It means that in some periods we may sit on cash patiently instead of making investments that do not meet our criteria. When others are making money betting on the latest trend or fad, we smile and move on. We must genuinely have “No Fear of Missing Out” (No FOMO). It doesn’t make us as interesting as “that guy” at the cocktail party, and we probably don’t have the most interesting dinner conversations, and that’s ok. We prefer boring. Boring works for those who wait. Boring is beautiful.

“Investing should be more like watching paint dry or watching grass grow. If you want excitement, take $800 and go to Las Vegas.” – Paul Samuelson

It is here that I must emphasize two very important points that the successful execution of our strategy requires: choosing the right partners, and nurturing a healthy relationship with them. We have been blessed to have an investor base that under-stands what we’re trying to do. Our AUMs would have been many times larger had we been willing to accept any investor into Mayar, but we view our relationship as a partnership and a necessary condition of the success of partnerships is an alignment of expectations.

Nurturing a healthy relationship between partners is a shared responsibility. It is our duty to communicate with you honestly, clearly, and regularly. It is your duty to read what we write, ask intelligent questions, challenge us, and hold us accountable to the promises we make. That’s the only way to make sure we are all on the same page.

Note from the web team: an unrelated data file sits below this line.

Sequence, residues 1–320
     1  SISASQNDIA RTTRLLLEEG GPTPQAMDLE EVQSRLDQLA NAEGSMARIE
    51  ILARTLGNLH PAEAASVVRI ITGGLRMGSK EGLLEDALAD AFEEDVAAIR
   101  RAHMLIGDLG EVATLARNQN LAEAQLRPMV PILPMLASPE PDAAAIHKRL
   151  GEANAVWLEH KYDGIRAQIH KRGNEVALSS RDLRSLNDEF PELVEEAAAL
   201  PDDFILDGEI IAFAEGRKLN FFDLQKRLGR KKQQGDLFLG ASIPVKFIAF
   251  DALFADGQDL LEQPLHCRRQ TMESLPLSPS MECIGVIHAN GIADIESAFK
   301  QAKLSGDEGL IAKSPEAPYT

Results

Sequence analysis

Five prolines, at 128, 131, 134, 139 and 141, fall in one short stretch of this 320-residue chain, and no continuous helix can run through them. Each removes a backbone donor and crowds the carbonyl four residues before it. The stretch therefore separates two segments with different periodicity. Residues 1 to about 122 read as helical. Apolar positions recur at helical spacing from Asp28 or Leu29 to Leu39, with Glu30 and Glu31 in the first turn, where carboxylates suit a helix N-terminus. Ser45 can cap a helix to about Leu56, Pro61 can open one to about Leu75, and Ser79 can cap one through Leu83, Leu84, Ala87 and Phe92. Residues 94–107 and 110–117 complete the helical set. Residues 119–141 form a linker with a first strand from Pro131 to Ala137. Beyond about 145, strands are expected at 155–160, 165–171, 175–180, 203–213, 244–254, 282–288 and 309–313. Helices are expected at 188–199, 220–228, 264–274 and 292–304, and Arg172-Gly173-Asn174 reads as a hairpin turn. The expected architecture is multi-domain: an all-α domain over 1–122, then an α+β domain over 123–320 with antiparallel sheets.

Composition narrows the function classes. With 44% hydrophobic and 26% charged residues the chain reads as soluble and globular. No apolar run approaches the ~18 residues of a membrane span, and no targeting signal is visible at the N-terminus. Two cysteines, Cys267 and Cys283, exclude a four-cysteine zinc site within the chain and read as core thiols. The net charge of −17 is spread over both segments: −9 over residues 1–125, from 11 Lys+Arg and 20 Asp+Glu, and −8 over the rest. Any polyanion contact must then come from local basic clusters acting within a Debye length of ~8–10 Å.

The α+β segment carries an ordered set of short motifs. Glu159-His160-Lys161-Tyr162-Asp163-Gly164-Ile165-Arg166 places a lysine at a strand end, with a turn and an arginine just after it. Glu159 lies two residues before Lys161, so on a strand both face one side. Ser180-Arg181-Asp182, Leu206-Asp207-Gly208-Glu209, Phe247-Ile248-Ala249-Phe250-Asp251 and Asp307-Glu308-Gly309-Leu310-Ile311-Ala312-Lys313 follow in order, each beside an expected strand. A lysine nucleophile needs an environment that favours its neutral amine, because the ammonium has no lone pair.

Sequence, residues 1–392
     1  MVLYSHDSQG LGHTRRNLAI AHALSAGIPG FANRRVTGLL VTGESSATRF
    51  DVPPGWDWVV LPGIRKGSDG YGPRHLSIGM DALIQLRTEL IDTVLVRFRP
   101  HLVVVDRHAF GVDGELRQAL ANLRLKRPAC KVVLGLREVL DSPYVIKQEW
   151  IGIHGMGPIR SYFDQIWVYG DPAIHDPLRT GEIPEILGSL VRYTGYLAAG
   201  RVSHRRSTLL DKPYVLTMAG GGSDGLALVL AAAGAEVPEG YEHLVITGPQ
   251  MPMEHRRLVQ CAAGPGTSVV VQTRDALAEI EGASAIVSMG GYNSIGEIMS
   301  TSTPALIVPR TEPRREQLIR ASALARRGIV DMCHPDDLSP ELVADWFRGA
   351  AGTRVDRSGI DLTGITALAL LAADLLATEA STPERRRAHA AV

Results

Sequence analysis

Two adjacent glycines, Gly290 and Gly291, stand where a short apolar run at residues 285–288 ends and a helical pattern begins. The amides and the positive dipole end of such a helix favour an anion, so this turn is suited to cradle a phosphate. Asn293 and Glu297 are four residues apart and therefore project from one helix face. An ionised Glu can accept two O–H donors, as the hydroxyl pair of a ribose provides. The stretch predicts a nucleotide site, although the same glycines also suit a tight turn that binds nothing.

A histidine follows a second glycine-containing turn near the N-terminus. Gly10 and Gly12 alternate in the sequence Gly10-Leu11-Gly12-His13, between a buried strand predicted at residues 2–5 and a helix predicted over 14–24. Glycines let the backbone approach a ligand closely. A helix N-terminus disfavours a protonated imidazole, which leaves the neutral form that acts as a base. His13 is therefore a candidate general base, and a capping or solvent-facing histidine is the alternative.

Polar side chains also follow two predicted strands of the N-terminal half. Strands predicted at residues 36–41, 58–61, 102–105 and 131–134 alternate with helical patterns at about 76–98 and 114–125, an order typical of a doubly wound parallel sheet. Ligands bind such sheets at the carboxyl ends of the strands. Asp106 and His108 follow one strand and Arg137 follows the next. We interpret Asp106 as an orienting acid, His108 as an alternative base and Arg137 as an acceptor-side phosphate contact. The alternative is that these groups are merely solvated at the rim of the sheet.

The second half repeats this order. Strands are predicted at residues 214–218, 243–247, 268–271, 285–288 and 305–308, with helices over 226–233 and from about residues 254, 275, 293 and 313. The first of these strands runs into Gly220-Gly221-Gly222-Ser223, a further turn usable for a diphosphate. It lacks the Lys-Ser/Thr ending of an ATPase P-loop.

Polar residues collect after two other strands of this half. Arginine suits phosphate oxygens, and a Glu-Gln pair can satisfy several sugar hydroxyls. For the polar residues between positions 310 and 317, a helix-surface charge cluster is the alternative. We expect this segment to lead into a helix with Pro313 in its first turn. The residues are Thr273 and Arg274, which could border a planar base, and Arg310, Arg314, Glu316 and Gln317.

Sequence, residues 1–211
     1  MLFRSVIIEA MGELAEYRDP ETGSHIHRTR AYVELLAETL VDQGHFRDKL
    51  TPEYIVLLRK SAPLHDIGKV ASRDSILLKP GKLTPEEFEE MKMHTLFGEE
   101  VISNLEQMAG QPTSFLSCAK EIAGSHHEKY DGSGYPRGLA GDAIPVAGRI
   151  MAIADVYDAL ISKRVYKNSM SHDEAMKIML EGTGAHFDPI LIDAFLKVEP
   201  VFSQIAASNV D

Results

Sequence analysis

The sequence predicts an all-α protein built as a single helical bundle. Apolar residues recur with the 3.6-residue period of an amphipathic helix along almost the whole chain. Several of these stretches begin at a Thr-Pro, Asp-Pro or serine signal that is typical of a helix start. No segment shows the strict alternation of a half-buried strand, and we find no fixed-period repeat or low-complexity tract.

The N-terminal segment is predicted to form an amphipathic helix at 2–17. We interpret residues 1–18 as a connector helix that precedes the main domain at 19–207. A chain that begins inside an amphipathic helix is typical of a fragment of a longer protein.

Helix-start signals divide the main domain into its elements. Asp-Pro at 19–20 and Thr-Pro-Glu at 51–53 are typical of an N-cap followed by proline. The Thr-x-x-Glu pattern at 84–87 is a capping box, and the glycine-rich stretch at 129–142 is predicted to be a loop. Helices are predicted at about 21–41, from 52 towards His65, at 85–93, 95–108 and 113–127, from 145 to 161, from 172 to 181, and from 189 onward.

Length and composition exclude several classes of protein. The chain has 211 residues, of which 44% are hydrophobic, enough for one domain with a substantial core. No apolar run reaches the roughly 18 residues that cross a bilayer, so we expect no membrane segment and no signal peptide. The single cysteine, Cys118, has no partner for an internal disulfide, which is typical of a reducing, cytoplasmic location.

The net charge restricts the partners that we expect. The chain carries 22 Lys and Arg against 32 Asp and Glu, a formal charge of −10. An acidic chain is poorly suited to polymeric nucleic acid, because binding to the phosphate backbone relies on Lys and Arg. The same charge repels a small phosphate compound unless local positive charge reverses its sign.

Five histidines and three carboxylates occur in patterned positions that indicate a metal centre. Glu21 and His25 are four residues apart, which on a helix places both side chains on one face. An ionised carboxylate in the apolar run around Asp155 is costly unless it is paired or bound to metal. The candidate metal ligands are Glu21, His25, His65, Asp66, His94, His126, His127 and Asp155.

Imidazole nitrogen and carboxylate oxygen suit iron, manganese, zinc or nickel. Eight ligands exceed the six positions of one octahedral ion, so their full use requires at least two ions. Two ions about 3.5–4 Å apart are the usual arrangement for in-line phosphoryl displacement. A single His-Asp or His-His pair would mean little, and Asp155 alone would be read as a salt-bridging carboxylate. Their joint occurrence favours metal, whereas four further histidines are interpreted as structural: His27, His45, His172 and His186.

A word or two about the market…

A hot topic of discussion these days is equity market valuations. If that is not the case in your social circle, you clearly have a much more interesting one than I do! We don’t like to make top down judgements on which markets are expensive or cheap. Our approach has always been to go where we find attractive investing opportunities and let the asset allocation be the by-product of the available opportunity set. So, let us look at what has happened to our portfolio over the past two to three years.

Geographically, our North American exposure It is our duty to communicate with you honestly, clearly, and regularly. It is your duty to read what we write, ask intelligent questions, challenge us, and hold us accountable to the promises we make. 8 peaked at over 82% over the summer of 2014. During that time, over 14% of our portfolio was invested in Europe, and 3% was in cash (difference due to rounding). Today, we have roughly 56% of our portfolio in North America, 33% in Europe and the balance in cash.

You should read these changes to mean that we’ve been finding fewer opportunities in North America, more in Europe, and the rise in our cash balance means we’ve also found fewer attractive opportunities overall. Our valuation discipline has caused us to start reducing our holdings in North America sooner than we should have with the benefit of hindsight. But remember, No FOMO.

So what should you do now, and what should you expect us to do in the current market environment and the coming few months and years?